The Function of Flour in Bread Making
Arguably the most important ingredient in any bread is the flour, quite often making up a significant amount of the total weight within the recipe. It is incredibly important to understand what flour does in bread, and how this function is vital to the production of bread as we know it. We will look through everything from the importance of flour itself to what flours are used in bread.
Functions of flour in Bread
Flour has a few functions in the production of bread, the most significant of which is giving the bread structure. In order to understand the structure of bread we need to understand the significance of protein and gluten. There are two key proteins contained within flour, glutenin and gliadin, and these react with water to form a gluten network of fine strands that create the structure of bread and allow the air bubbles, formed by the production of carbon dioxide during the fermentation of the yeast, to be held within the breads structure during a second prove and baking.
It is during the mixing and kneading of the bread that this structure of gluten strands is built. Mixing hydrates the flour, which begins the creation of gluten as the proteins break down, and it is during kneading that the structure is developed and the strands are elongated creating the extensive network. Failing to build up a suitable gluten network will result in a dense texture with no air bubbles, therefore the dough will be heavier and flatter.
Here we can see the importance of flour in bread, and this can help to understand the significance of what flour is used for bread. We will look into some common flours and their suitability for producing bread, based on how they provide the functions we now know they need to provide.
What flour is used for Bread
For many recipes, the flour called for will be bread flour. Bread flour is milled to have a high level of protein, around 12-14%, which makes it the best flour for baking bread. To demonstrate this difference we will compare bread flour with a softer cake flour. Cake flour does not have the need for higher protein levels, as cake structure does not require the development of gluten, therefore it is milled to around 7-9% protein. Considering the importance of protein in producing breads it is easy to see why bread flour is the best flour for making bread.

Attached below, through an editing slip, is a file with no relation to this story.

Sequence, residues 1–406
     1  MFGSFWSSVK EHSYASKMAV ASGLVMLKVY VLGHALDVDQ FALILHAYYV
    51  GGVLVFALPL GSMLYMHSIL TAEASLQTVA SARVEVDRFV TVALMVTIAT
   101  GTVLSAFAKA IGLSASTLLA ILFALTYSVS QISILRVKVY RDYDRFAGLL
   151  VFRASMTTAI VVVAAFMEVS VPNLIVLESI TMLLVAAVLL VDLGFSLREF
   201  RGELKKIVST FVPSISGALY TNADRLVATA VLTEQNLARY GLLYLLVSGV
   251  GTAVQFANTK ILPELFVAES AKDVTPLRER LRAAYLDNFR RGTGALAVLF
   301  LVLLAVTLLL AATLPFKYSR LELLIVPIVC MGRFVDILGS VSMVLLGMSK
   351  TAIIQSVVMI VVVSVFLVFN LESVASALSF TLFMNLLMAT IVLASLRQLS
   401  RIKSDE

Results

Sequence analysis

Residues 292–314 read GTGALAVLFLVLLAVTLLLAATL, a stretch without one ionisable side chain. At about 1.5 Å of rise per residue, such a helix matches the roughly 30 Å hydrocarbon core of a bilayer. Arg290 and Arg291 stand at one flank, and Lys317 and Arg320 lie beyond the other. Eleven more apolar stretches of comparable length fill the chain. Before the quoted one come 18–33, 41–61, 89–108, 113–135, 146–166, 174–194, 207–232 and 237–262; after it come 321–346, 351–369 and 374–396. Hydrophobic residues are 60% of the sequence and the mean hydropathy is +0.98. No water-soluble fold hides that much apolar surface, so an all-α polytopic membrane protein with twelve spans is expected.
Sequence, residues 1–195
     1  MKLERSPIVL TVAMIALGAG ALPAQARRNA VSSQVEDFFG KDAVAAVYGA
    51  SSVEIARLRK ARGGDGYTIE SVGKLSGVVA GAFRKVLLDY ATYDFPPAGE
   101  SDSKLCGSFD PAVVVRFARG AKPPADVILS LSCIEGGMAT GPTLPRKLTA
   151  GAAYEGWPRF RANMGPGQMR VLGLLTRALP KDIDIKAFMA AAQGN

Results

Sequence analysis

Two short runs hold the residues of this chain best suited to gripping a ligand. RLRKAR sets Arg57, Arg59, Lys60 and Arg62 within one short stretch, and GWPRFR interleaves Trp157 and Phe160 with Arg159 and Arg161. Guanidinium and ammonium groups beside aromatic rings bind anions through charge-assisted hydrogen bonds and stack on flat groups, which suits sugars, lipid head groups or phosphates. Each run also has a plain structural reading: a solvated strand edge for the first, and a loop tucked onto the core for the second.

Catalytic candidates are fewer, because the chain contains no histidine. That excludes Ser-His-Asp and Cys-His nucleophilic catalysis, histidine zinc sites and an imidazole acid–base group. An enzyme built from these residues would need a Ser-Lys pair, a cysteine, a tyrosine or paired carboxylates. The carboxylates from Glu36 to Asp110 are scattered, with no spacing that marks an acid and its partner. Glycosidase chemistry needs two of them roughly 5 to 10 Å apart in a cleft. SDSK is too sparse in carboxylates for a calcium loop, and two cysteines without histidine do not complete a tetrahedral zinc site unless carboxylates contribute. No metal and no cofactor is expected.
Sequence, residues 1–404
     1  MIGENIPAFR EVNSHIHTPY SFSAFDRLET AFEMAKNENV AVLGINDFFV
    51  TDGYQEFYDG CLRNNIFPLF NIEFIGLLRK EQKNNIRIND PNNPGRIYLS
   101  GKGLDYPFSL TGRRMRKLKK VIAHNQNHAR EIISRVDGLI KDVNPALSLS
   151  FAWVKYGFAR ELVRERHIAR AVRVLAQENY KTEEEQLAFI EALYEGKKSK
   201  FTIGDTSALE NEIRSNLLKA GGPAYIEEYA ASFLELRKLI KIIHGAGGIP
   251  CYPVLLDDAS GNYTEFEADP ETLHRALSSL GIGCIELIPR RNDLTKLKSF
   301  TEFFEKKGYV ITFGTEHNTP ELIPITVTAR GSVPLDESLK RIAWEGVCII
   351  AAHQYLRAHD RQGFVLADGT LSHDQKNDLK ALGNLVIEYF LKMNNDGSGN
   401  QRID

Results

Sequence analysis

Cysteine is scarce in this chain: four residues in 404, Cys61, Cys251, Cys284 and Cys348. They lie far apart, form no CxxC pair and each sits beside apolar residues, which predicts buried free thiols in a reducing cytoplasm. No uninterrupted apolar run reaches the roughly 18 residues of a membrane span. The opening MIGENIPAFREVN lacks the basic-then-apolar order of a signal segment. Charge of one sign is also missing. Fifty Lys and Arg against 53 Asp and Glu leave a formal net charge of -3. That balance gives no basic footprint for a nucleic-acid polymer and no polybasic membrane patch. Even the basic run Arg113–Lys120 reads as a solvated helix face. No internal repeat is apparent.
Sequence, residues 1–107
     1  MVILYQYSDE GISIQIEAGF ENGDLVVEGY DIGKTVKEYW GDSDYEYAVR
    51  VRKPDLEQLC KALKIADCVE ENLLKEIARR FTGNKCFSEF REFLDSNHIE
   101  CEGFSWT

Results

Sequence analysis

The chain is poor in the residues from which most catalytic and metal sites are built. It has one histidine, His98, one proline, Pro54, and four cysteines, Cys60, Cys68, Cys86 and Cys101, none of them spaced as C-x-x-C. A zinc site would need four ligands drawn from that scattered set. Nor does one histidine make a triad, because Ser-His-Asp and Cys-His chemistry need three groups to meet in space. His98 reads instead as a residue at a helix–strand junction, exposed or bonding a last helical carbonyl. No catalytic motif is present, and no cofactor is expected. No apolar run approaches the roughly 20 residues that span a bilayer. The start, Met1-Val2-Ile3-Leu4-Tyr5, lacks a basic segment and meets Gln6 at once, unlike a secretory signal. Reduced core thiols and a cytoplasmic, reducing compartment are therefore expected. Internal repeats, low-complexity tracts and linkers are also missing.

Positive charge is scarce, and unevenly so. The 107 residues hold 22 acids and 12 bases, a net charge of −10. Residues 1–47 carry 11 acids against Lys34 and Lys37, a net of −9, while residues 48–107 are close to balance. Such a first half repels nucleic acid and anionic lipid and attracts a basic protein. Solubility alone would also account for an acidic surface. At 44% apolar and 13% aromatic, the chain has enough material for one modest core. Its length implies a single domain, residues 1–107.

Bread flour is available in both white and brown varieties, which can be mixed together or used individually to allow you to easily produce brown or white breads.
Understanding flour types
As we can see from above, it is crucially important when making bread to understand the types of flour in bread making. The optimum type of flour for bread will vary depending on the type of bread you are trying to make, as will certain considerations that will need to be made in the recipe for the bread. We will look at some of the most common types of flour for bread you may use, and touch on elements to consider when choosing them.
White Flour – White flour is one of the two most common flour types for bread production, and can either be used on its own or as part of a blend with other flour. White flour contains around 75% of the wheat grain, with the bran removed leaving just the endosperm. It can be bleached or unbleached, but either way should be a smooth white colour.
Brown Flour – Brown flour differs from white flour in that some of the bran is retained. This gives brown flour its light brown colour, and adds a depth of flavour to the products. It can be used on its own but can also be part of a blend, especially within breads where a ratio of 60-40 brown to white flour may well be used to keep a lighter texture. Due to its composition it absorbs marginally more water than white flour therefore recipes can need to be adjusted.
Wholemeal Flour – A wholemeal flour is made by milling the entire grain, with nothing added or removed. As a result this produces an even more complex flavour and an even higher amount of water being absorbed, so again this must be considered when planning out a recipe. This is also mainly used in a blend, typically a similar ratio as with brown flour.
There are many other flours that can be used for bread specifically, but with all flours it is important to understand that water content is equally as important. As we can see from above, all different flours require varying amounts of water to produce the correct consistency of dough.
Bread flour vs All purpose flour
One of the most common questions we get asked is whether or not you can use all purpose flour instead of bread flour. To answer this question it is important to understand the difference between bread flour and all purpose flour. The primary difference between the two is the protein levels within the flour. Whereas a bread flour contains around 12-14% protein, an all purpose flour is milled to around 9-11%. As we have seen above, protein is vital in the formation of the gluten network that gives bread its structure, so the reduced level of protein will mean that the results with all purpose flour will be slightly different.
Putting it in the simplest way possible, you can use all purpose flour instead of bread flour, but you will see a slightly reduced rise, which may also make the bread a little bit denser and chewier. If possible it is ideal to use bread flour as it is specifically designed to produce bread, but if need be all purpose flour can be a decent bread flour alternative.
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